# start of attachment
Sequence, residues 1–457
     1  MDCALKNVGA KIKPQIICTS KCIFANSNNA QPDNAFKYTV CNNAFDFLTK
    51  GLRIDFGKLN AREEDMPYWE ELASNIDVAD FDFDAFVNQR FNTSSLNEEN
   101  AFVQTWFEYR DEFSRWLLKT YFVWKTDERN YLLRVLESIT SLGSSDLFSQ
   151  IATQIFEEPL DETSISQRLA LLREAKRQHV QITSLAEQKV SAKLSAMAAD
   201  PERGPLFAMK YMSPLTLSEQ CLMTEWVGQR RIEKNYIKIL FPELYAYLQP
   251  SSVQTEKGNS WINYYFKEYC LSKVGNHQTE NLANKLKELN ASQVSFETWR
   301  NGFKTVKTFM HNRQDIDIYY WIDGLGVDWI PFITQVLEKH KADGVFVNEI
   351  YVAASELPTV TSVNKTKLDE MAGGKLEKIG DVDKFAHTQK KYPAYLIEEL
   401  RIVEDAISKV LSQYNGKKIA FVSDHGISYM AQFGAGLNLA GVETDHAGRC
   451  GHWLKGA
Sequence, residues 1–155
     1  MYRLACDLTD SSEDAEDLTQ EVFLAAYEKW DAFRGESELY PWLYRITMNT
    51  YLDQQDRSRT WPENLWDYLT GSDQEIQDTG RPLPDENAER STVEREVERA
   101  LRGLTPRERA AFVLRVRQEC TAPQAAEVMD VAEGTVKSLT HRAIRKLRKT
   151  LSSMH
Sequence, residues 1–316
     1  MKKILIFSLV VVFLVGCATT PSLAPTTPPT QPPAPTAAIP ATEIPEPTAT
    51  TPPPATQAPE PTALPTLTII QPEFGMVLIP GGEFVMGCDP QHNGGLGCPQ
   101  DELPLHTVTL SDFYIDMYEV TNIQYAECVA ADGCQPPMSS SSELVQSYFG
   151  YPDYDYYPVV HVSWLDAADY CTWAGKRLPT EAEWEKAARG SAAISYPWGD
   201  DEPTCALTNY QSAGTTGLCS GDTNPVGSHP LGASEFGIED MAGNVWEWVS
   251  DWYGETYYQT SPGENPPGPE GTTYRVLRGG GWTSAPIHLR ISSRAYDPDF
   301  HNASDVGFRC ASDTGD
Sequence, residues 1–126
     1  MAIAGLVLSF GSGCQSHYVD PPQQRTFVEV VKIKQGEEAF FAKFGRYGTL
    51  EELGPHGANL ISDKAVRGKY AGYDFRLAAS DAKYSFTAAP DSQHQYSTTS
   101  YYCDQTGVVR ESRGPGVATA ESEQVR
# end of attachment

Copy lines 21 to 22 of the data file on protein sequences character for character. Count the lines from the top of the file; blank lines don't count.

   151  YPDYDYYPVV HVSWLDAADY CTWAGKRLPT EAEWEKAARG SAAISYPWGD
   201  DEPTCALTNY QSAGTTGLCS GDTNPVGSHP LGASEFGIED MAGNVWEWVS